Our model suggests that, in individuals who are older when supplementation is initiated, an increase in colorectal cancer rates is expected to be seen after a period of ∼10 years (see Fig. 3). These data seem consistent with recent data from the Surveillance, Epidemiology and End Results cancer registries in the United States and Canada presented by Mason et al. (27). In this ecological study, shortly after the initiation of fortification, colorectal cancer rates increased in both countries resulting in an annual excess of ∼4 to 6 additional colorectal cancer cases per 100,000 individuals at risk. This abrupt increase in cancer risk may simply reflect the accelerated development and growth of a nascent malignancy into a clinically detectable or symptomatic cancer. Although our model does not explicitly describe this process (which may be considered part of the adenoma carcinoma transition described by the last step in our model), it allows for accelerated growth of benign adenomas on the pathway to cancer (promotion). Our model predicts an excess colorectal cancer risk that increases with time ∼10 years after supplementation is initiated (Fig. 3). Note, however, that Mason et al. (27) only studied a period of 7 years (1996-2002) of folate fortification, and to answer the question whether or not the observed increase in colorectal cancer risk is transient, constant, or will eventually increase as predicted by our model will require more follow-up data.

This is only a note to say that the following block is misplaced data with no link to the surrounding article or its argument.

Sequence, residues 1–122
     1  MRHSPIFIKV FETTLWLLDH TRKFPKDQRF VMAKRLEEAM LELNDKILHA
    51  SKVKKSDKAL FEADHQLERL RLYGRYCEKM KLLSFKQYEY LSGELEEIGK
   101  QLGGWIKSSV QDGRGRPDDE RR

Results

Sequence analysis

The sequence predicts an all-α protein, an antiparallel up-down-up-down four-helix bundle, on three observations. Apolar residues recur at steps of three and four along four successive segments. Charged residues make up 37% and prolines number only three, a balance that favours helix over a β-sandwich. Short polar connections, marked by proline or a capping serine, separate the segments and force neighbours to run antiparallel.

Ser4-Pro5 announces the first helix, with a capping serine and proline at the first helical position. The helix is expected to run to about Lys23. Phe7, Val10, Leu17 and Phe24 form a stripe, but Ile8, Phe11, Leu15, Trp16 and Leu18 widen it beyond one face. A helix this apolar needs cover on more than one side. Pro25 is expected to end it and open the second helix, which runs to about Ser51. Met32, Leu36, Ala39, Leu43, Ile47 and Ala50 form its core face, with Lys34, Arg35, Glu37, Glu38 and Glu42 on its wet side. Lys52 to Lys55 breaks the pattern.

There are several uncertainties to our modeling. Although folate deficiency induces decreases in cellular proliferation, there is no direct support for increased cell replication in vivo in the presence of excess folate. However, in vitro studies show that cellular growth arrest induced by folate deficiency can be reverted (after some delay) under acute folate repletion (28). Moreover, possible changes in the rate of cell differentiation and apoptosis, which have been only poorly studied in this context, may also play a decisive role in promoting tumor growth. Note that accelerated tumor growth may result either from increases in the rate of cell replication, or from decreases in the rate of apoptosis, or delays in cell differentiation. A recent study of folate supplementation on mucosal cell proliferation in high-risk patients for colon cancer is of interest regarding the latter possibility (29). In this study, it was found that folate supplementation mainly decreased cell proliferation in the luminal part of the colorectal crypts, reflecting defective cell differentiation control and delayed onset of normal cell differentiation and, ultimately, apoptosis. Such delays may effectively increase tumor size.